Paul McCartney wrote this about his struggle to keep the Beatles together after Brian Epstein's death. Epstein was their manager and handled their business affairs, but he became overwhelmed by the success of The Beatles and died from a sleeping pill overdose in 1967. McCartney took over most of The Beatles' business affairs, and gained a greater respect for what Epstein went through. Along with their other turmoil at the time, McCartney told Barry Miles in an interview that the emotional weight of this song also came from too many drug issues with the group, and they were having difficulties with their new manager Allen Klein. Apple Corps (no relation to the computer company) was already in dire financial straights by the time Klein took the helm. Doubtless, there was a bit of nostalgia for the time when they were four carefree mop-tops from Liverpool who could just have fun being a band without a care in the world. Another cause of strife between McCartney and manager Klein was when he brought in Phil Spector to work on the Let It Be sessions. As has been noted in many places, not the least of which his murder trial, Spector tended to rub people the wrong way.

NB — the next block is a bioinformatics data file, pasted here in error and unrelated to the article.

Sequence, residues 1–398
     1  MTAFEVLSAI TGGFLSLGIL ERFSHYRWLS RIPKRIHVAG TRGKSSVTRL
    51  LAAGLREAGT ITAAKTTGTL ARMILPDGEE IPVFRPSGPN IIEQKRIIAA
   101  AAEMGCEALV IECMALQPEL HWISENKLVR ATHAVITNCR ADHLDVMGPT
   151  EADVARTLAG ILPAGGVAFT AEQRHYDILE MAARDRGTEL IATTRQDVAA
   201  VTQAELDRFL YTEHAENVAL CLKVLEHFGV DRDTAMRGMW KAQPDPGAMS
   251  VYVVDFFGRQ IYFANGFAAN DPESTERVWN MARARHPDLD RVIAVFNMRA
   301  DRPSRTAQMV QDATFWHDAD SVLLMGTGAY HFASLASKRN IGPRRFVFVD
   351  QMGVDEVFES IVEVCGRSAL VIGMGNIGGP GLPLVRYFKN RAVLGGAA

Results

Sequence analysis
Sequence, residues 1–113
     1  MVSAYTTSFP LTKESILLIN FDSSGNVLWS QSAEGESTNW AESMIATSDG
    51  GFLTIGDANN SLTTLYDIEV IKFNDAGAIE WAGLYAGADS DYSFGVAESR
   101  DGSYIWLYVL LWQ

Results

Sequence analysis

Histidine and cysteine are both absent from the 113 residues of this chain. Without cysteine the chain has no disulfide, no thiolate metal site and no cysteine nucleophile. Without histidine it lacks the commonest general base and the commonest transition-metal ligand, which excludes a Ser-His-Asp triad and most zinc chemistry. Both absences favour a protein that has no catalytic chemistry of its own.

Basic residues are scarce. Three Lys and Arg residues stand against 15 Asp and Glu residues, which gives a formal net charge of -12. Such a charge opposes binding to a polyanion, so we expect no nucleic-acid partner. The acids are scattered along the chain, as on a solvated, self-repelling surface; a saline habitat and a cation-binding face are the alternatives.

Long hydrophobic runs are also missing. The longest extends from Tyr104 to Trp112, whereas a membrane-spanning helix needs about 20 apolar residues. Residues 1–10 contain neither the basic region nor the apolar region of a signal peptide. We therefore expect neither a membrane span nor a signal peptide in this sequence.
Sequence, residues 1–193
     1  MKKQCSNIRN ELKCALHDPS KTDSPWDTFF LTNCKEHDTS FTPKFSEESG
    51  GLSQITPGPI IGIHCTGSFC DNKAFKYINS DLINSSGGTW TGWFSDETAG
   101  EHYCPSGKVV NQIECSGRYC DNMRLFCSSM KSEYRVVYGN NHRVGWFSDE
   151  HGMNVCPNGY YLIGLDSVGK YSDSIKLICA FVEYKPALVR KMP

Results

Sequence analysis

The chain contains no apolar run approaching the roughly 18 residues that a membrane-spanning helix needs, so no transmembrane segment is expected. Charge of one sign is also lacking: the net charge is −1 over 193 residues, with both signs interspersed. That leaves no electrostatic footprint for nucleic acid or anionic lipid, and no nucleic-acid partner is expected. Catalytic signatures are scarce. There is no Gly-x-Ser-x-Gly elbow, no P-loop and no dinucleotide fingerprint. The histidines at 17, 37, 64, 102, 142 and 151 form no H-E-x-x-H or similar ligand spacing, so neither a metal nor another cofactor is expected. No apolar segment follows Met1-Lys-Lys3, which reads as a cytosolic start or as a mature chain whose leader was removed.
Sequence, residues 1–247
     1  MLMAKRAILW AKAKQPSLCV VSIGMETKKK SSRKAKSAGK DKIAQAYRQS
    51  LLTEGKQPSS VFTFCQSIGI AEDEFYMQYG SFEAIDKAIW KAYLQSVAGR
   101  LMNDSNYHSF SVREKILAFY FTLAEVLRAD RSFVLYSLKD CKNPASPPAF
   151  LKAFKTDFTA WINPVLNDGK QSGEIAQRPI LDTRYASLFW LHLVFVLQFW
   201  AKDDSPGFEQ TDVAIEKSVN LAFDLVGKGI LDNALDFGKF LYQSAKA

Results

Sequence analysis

This was recorded as one song with "Golden Slumbers." It is part of a suite of songs at the end of Abbey Road made up of bits of unfinished songs strung together.
All four Beatles sang in the chorus. It's one of the few Beatles tracks where they all provide vocal harmony.
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